Fight food fatigue: Asian-inspired wrap offers new life for the omnipresent chicken breast
February 16, 2007
The boneless, skinless chicken breast is suffering some serious food fatigue.
Sure, it has a well-earned reputation as the go-to ingredient for healthy, speedy eating. And for good reason. Chicken breasts cook quickly and easily, do well with just about any flavor or seasoning, and are virtually fat-free.
But that’s part of the problem. Flip through just about any food magazine and you’ll likely be inundated by chicken breast recipes. It’s all starting to feel a bit tired on the plate.
How to freshen it up?
I started by looking at the many different chicken breast cuts now available at most grocers. Tenders, halves and thin-cut have become common. Granted, anyone could make these same cuts from regular breasts, but it’s hard to beat the ease of these.
The thin-cut appealed to me because they cook faster than a regular breast. And they’d cook even faster if I took a meat mallet to them, making them uniformly thin and tenderizing the meat so it would readily accept a marinade.
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And for that, I whipped up a speedy Asian-inspired blend of soy sauce, rice vinegar, fresh ginger and garlic. Of course, plenty of bottled marinades are similar this recipe, but tossing these ingredients in the blender took almost no effort.
For texture, I decided to bread and pan-fry the chicken. Sticking with the Asian theme, I opted for panko, or Japanese-style breadcrumbs. These are larger and crunchier than traditional breadcrumbs.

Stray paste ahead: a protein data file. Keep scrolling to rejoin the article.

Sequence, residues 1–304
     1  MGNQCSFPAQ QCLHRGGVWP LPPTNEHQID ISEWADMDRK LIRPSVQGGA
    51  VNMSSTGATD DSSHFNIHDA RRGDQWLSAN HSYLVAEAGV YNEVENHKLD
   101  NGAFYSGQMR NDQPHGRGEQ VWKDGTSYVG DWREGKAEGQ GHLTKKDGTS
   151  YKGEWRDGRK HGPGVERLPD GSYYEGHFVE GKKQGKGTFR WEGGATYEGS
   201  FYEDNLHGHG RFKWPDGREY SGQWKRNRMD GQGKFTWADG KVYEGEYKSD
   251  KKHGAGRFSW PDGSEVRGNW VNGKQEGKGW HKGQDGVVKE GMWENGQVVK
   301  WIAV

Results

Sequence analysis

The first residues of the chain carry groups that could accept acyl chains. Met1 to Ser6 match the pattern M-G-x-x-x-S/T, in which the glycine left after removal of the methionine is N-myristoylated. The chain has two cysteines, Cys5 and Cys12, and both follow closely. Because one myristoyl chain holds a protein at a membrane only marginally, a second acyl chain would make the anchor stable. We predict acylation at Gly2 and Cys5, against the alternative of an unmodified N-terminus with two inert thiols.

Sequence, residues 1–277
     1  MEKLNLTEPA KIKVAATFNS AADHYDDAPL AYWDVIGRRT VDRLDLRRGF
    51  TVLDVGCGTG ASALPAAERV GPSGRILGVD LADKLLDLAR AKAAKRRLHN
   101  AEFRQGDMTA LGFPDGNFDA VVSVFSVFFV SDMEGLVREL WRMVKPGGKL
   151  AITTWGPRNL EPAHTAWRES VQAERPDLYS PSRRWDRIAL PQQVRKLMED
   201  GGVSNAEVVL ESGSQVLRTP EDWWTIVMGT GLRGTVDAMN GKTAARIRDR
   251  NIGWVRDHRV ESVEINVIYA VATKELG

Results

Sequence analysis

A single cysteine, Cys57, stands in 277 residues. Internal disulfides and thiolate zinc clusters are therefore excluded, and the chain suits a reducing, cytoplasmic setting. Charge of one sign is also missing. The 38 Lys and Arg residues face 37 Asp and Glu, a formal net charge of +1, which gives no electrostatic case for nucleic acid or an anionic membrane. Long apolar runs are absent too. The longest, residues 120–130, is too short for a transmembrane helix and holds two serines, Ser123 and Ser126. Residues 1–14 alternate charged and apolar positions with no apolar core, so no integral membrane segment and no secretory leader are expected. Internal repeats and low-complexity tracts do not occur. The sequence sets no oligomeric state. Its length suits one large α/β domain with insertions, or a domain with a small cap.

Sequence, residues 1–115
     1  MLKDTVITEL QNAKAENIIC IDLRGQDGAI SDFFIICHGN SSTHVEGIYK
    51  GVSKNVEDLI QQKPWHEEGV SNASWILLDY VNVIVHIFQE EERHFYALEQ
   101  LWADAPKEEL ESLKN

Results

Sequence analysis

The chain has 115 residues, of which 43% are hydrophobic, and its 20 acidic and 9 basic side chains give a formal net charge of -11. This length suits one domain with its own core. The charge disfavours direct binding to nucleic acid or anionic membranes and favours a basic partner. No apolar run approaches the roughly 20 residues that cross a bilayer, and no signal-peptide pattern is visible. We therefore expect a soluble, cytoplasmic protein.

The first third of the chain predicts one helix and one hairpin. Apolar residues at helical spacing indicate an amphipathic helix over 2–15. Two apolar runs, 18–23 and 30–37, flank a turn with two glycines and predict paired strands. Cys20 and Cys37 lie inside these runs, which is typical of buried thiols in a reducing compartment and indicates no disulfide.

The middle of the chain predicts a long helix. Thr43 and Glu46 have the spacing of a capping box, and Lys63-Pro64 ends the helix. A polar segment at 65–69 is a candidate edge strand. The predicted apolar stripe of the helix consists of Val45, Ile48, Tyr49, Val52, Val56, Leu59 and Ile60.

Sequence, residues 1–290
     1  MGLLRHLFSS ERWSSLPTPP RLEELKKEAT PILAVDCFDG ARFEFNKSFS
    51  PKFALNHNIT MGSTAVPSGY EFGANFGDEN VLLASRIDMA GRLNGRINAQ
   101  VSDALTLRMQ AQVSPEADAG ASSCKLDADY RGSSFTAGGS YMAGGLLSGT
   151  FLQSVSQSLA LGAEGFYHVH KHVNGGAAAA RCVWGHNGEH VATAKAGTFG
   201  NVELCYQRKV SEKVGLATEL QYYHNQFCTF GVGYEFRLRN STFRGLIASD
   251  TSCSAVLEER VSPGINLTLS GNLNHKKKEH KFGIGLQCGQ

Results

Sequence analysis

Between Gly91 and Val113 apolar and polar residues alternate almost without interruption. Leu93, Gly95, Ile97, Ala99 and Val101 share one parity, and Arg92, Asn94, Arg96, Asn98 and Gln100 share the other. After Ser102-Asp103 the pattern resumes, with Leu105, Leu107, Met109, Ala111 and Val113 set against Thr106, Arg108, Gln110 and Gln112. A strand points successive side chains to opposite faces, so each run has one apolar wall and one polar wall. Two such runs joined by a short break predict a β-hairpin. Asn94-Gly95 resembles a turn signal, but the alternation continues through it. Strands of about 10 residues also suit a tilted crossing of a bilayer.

Giving the breasts a quick run through egg before breading adhered the crumbs nicely.
Once the chicken was fried and had rested a moment, I cut it into thin strips, which I arranged on a bed of baby greens in a whole-wheat wrap. Topped with sliced baby corn, scallions and a drizzle of sweet and spicy hoisin sauce, it was delicious.
Asian not your thing? It also would be easy to do a Mexican variation on this recipe. Use a purchased molé sauce for the marinade and substitute ground up tortilla chips for the panko.
Then replace the scallions and baby corn with chopped red onion and fresh cilantro, and lose the hoisin in favor of salsa.
So it really can be easy to freshen up a fatigued food.
Asian Chicken Wrap
(Start to finish: 30 minutes)
1Ú4 cup soy sauce
1Ú4 cup seasoned rice vinegar
2 cloves garlic
1 T. grated fresh ginger
1Ú4 teaspoon red pepper flakes
1Ú4 teaspoon freshly ground black pepper
4 thinly sliced chicken breasts
1 cup panko (Japanese-style breadcrumbs)
1Ú4 cup canola oil
4 large flatbread wraps
4 cups baby mixed greens
15-ounce can baby corn, drained
2 scallions, ends trimmed, thinly sliced
In a blender, combine the soy sauce, rice vinegar, garlic, ginger, red pepper flakes and black pepper. Puree until smooth. Transfer the marinade to a shallow baking dish large enough to accommodate the chicken breasts.
One at a time, place the chicken breasts between two sheets of plastic wrap. Use a meat mallet or rolling pin to gently and evenly pound the breast until uniformly thin, about 1Ú3- to 1Ú2-inch thick.
Place the chicken breasts in the dish with the marinade, turning to coat both sides. Cover and refrigerate 15 minutes.
Meanwhile, place the egg in a wide, shallow bowl and beat well with a fork. Place the panko breadcrumbs in a second bowl.
Once the chicken has marinated, dip each breast first through the egg, then through the breadcrumbs, shaking off any excess.
In a large, deep skillet, heat the canola oil over medium-high until it shimmers. Fry the breasts, in batches if necessary, 3 to 4 minutes per side, or until golden crisp and cooked through. Set aside on paper towels to absorb excess oil and let the meat rest about 2 minutes.
Cut each breast into thin strips. Spread 1 cup of greens over each flatbread, then top with strips of chicken, baby corn and scallions.
Drizzle each with hoisin sauce, then roll the wraps, securing with a toothpick if needed.
Makes 4 servings.